WASHINGTON — A House panel today held the first of several planned hearings on the broadband funding allocated in the economic stimulus package, urging the officials administering the grants to move judiciously as they race to disperse the money.
Members of the House Subcommittee on Technology, Communications and the Internet stressed the importance of their role in overseeing the process because so many of the details of the broadband programs are left to the agencies to determine.
At the same time, Rick Boucher, the Virginia Democrat who chairs the subcommittee, stressed the urgency of the broadband mission, citing a recent study that ranked the United States 16th in the world by the measurement of percentage the population signed up for high-speed service.
“For the sake of our national economy we’ve got to do better,” Boucher said. Broadband, he said, is “as essential as telephone and electricity services were when they were introduced more than 100 years ago.”
But the benefits of broadband, from jobs to healthcare to energy, are hardly controversial. More nettlesome are the details over how the $7.2 billion should be spent, particularly key terms like “unserved” and “underserved” that the statue directs the agencies to define.
For their part, the agencies charged with administering the programs are wrapping up a period of public comment as they determine how the criteria of the grant-review process.
The Rural Utilities Service (RUS), a division of the Department of Agriculture that received $2.5 billion of the money, will close its public comment period on April 13, and publish its notice of funding availability 60 days later. The Commerce Department’s National Telecommunications Information Administration (NTIA), which is administering the remainder of the funds, is working under a similar timetable.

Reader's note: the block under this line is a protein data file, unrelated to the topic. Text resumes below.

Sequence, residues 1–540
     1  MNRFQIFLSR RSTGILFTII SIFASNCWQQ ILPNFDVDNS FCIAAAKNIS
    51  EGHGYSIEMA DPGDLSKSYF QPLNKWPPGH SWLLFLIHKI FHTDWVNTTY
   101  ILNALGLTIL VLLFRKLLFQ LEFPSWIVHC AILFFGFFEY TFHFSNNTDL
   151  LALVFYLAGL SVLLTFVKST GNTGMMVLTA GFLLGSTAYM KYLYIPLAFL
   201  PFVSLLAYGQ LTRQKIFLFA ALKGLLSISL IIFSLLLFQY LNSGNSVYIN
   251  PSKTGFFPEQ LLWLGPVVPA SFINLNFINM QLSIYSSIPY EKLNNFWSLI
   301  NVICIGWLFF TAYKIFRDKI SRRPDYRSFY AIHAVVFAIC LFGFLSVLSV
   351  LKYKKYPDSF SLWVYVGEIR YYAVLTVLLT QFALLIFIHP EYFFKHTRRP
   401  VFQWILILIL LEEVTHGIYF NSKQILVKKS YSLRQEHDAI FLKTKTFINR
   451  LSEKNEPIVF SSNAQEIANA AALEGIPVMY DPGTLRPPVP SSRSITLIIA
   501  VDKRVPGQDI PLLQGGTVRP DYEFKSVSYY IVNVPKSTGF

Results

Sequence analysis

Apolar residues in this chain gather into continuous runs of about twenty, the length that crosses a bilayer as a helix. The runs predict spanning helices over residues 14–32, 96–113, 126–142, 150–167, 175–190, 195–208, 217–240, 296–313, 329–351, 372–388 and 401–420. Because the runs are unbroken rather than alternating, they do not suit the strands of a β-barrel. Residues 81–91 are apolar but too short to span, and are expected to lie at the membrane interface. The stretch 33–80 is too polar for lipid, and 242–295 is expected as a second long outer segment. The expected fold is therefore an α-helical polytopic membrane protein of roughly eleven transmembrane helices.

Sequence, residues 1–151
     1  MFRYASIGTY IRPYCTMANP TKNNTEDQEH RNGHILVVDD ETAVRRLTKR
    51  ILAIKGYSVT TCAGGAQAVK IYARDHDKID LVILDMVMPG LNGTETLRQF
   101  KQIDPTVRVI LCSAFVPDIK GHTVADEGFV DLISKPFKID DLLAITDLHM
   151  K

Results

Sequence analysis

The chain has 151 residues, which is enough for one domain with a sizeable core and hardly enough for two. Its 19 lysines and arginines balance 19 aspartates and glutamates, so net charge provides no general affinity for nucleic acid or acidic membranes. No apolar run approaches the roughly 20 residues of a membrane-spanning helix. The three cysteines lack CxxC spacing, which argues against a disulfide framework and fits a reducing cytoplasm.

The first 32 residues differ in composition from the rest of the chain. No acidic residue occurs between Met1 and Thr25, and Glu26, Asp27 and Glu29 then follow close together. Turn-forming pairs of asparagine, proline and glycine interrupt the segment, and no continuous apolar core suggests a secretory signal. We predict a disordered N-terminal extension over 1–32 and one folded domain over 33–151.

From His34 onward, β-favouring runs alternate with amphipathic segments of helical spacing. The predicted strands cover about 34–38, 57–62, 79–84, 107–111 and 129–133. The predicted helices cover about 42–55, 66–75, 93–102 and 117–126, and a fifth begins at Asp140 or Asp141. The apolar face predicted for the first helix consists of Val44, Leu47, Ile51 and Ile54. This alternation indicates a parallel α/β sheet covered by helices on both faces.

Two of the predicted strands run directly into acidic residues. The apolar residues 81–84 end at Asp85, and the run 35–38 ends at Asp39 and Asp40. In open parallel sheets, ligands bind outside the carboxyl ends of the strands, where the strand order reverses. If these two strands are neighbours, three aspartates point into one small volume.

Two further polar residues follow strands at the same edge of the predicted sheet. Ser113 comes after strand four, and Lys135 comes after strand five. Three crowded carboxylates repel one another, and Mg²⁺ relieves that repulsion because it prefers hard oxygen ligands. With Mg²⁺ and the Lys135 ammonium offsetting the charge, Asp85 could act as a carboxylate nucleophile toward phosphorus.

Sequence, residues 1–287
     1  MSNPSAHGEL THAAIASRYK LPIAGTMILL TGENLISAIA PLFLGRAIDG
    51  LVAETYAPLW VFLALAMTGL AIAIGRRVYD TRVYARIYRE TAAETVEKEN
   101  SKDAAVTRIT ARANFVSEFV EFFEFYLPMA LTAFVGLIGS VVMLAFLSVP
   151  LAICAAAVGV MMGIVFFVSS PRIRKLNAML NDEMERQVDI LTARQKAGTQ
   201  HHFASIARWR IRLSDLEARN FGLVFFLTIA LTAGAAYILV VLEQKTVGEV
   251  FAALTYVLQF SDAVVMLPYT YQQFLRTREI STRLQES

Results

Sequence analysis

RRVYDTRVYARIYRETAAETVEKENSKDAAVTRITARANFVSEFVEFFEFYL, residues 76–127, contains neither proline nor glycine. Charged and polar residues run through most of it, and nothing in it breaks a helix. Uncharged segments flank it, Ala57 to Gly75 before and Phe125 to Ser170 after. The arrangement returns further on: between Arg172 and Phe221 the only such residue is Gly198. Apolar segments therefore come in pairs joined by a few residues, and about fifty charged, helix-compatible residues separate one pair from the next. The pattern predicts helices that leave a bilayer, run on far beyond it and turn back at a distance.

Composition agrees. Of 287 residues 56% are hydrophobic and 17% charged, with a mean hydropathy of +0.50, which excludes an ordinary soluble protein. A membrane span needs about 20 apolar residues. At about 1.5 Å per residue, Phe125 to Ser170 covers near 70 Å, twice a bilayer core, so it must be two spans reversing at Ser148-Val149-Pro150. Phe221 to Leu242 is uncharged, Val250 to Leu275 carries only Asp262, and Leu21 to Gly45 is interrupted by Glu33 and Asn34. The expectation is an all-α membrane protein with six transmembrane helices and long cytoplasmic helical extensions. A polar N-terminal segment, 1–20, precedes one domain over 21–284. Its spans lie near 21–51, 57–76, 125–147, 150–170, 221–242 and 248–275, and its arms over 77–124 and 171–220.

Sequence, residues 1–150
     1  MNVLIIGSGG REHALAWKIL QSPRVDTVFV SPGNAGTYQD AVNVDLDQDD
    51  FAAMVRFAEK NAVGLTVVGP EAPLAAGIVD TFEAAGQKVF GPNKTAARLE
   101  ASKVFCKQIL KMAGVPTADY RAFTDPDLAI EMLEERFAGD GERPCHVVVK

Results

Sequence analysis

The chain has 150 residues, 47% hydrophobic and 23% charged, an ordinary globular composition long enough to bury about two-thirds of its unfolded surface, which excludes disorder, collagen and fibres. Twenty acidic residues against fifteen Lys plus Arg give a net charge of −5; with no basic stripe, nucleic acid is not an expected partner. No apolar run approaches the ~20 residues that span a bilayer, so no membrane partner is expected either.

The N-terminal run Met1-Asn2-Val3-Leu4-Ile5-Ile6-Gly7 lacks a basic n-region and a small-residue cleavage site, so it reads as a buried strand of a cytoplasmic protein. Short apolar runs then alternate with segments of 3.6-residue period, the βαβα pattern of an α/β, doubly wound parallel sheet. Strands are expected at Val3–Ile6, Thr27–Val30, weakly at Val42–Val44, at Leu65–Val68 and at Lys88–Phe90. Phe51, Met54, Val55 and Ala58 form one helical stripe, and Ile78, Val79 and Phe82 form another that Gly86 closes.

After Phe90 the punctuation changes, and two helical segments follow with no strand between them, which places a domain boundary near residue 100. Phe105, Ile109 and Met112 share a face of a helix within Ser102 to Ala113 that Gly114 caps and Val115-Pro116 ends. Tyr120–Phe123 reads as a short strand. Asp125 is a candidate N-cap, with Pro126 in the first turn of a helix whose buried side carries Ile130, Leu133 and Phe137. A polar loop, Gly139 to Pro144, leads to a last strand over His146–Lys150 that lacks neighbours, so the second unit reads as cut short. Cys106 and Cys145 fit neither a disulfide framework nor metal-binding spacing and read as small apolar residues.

The law directs RUS and NTIA to obligate the funds by the end of fiscal 2010, with projects required to be “substantially complete” two years later.
With the comment period still open, representatives of those agencies could not be pinned down on what areas will be deemed unserved or underserved, designations which would prioritize funding under that statute.
Questions abound: could communities with access to Wi-Fi be considered underserved? What about emerging technologies, such as WiMAX?
“I can tell you that we’ve heard a range of opinions,” Mark Siefert, NTIA’s senior policy advisor told the panel, adding reflexively that his agency’s priority is to deliver the fastest service to the largest number of people at the lowest cost.
But the representatives had plenty of suggestions. As the agencies consider which areas are most deserving of stimulus-funded network-expansion projects, Boucher urged them to consider issues like what speeds are available, whether the market is competitive, and how expensive service is. By the chairman’s reckoning, a market could be underserved even if it had several providers but each only offered slow connection speeds.
For Florida’s Cliff Stearns, the ranking Republican on the subcommittee, projects that would serve areas deemed unserved should automatically vault ahead of all other grant applications. But before those decisions are made, Stearns argued that the agencies need to develop a comprehensive map to pinpoint which areas have the lowest availability and adoption rates.
“It’s common sense to know where we should spend the money before the money is actually spent,” Stearns said.
The bill allocates up to $350 million to the NTIA to develop a national broadband map, a project many states have already undertaken.
“Put very simply a state needs to know where broadband is, and where it ain’t before it spends its money,” said Rachelle Chong, commissioner of the California Public Utilities Commission.
The bill also directs the Federal Communications Commission to develop and report to Congress a national broadband strategy within a year.
Boucher described the stimulus funds as “an important first step” toward universal broadband strategy, but nothing more.
“This stimulus fund, ample as it is, is insufficient to achieve that larger purpose,” Boucher said.
The FCC is planning to kick off the march toward a national broadband strategy at its meeting next week.